The first specification of error is predicated on denial by the trial court of appellant's various motions to suppress

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certain incriminating statements made by appellant after he had been treated and medically discharged from the hospital. All statements made by appellant during his interrogation at the hospital were suppressed, but appellant contends these initial statements so 'tainted' his later incriminating remarks as to render them similarly objectionable, relying on Silverthorne Lumber Company v. United States, 251 U.S. 385, 40 S.Ct. 182, 64 L.Ed. 319, 24 A.L.R. 1426 (1920); Clewis v. Texas, 386 U.S. 707, 87 S.Ct. 1338, 18 L.Ed.2d 423 (1967); Harrison v. United States, 392 U.S. 219, 88 S.Ct. 2008, 20 L.Ed.2d 1047 (1968), and like authority.

          To ascertain the precise factual context in which appellant's statements were made and the legal principle applied thereto, we directed the trial court to supplement the record with more detailed factual findings and legal conclusions concerning appellant's suppression motions. The supplemented record is now before us and this specification of error has been briefed and argued a second time. The statements by appellant, resulting from questioning in the emergency ward of the hospital, were at first held admissible by the trial court, following a hearing conducted six months prior to the decision in Miranda v. Arizona, 384 U.S. 436, 86 S.Ct. 1602, 16 L.Ed.2d 694 (1966). Although trial was scheduled for a date preceding Miranda, it was continued to October 24, 1966, at which time the motion to suppress was renewed and granted as to appellant's statements at the hospital. In view of the trial date, the requirements of Miranda became directly applicable to appellant's case by the time the motion to suppress was renewed. Johnson v. New Jersey, 384 U.S. 719, 86 S.Ct. 1772, 16 L.Ed.2d 882 (1966).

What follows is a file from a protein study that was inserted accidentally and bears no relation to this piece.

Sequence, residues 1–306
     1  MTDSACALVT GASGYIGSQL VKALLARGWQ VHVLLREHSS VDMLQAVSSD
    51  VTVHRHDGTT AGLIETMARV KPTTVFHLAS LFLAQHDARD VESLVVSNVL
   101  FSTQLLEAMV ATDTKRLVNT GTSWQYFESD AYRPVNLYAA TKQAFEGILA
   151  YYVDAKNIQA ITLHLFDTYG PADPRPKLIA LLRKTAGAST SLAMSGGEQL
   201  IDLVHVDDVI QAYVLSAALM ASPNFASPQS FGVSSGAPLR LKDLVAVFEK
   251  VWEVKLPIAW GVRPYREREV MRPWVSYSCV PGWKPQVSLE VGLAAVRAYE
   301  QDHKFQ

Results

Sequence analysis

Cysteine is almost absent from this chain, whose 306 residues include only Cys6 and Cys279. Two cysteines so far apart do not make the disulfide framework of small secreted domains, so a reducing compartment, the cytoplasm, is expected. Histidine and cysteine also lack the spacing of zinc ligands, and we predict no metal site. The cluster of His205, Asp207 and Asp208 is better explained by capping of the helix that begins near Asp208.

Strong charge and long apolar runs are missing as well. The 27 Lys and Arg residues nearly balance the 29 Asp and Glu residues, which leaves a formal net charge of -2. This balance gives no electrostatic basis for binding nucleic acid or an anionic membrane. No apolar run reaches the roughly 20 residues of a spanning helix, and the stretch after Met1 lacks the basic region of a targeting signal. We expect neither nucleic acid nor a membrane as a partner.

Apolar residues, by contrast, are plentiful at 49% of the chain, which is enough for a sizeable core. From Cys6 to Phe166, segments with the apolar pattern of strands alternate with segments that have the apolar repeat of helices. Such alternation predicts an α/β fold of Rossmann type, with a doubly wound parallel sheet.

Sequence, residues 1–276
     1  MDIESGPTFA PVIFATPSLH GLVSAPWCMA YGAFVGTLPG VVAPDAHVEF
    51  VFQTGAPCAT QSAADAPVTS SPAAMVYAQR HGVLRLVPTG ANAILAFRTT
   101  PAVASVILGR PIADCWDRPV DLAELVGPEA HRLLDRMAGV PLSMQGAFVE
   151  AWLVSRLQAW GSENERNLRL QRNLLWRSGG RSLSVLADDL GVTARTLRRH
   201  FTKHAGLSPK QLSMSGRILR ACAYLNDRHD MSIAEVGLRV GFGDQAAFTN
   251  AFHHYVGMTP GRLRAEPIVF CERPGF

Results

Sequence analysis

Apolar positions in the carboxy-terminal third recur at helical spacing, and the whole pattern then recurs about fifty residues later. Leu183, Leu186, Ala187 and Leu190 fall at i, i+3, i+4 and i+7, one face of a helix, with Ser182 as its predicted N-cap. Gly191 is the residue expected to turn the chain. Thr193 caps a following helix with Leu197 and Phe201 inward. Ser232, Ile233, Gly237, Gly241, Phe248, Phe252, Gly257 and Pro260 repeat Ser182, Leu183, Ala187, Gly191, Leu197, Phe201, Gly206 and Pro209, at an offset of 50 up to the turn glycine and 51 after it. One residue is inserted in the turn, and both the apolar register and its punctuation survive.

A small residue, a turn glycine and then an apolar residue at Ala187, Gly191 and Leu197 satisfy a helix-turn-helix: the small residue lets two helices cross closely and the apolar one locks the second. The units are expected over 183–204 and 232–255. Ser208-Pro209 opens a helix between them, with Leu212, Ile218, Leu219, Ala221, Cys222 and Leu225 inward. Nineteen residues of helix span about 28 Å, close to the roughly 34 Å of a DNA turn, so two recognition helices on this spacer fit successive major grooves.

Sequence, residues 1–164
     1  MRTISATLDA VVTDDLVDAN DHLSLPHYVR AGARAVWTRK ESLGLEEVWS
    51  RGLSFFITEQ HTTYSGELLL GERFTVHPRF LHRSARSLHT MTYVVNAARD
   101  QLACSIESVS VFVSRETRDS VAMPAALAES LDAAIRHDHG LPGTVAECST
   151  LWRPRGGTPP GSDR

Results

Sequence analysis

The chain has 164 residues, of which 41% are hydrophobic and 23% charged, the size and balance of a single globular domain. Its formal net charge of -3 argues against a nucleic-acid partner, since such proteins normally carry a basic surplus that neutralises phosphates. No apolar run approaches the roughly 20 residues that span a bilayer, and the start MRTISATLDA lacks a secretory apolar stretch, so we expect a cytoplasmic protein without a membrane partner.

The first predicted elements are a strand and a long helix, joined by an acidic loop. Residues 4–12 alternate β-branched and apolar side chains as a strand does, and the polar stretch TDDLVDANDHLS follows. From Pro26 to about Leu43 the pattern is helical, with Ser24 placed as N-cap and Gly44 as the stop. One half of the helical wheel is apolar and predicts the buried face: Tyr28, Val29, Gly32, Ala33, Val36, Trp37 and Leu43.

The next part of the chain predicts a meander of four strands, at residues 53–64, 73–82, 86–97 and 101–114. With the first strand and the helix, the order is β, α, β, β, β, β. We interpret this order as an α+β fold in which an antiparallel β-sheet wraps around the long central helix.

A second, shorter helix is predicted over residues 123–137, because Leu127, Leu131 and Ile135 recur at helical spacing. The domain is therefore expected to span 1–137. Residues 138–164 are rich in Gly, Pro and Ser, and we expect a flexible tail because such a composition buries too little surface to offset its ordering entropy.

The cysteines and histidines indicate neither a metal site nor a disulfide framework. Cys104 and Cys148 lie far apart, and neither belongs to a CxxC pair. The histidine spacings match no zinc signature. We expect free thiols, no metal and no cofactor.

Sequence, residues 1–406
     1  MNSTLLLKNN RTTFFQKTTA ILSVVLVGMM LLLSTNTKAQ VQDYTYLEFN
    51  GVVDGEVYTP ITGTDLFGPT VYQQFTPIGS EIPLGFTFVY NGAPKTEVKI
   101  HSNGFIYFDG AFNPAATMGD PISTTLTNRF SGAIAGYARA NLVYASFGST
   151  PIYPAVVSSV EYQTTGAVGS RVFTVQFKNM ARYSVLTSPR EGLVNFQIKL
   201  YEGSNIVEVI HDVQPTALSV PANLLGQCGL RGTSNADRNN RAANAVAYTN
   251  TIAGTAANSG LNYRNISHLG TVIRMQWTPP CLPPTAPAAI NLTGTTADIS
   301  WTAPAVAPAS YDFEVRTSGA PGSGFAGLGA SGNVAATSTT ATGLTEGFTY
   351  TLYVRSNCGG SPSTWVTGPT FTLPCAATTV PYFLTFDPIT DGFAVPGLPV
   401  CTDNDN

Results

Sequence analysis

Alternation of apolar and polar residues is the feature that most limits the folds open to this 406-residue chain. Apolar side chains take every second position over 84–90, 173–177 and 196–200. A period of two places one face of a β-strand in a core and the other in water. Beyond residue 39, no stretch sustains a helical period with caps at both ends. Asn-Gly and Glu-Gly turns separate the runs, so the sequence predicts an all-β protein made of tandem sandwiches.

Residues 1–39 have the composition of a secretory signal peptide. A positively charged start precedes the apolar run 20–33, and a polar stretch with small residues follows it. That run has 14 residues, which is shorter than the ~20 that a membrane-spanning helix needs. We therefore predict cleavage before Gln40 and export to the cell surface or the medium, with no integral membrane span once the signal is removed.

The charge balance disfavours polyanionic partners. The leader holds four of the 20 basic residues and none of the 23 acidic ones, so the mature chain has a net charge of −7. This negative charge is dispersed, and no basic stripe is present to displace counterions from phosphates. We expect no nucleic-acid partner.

The basis for granting appellant's motion regarding statements made at the hospital was language used in the then recent decision of Miranda, supra, decided June 13, 1966. Prior to any interrogation by an FBI agent at the hospital, appellant was advised that he need make no statement at all, that any statement he did make could be used against him in court, and that he had a right to counsel. 1 This warning was repeated at least once at the hospital and twice in the presence of the United States Commissioner after appellant was discharged from the hospital. In addition, appellant was advised at least once at the hospital and twice by the Commissioner that if he could not afford to employ counsel an attorney would be appointed to represent him.

         However, upon renewal of the motion to suppress on the day of trial, five months after Miranda, the trial court accepted appellant's contention that, in addition to the foregoing express warnings, it was required that the right to have counsel present be more specifically explained by the interrogating officer as including not only the presence of counsel, but counsel's presence 'at the time of interrogation.' The trial court also accepted appellant's...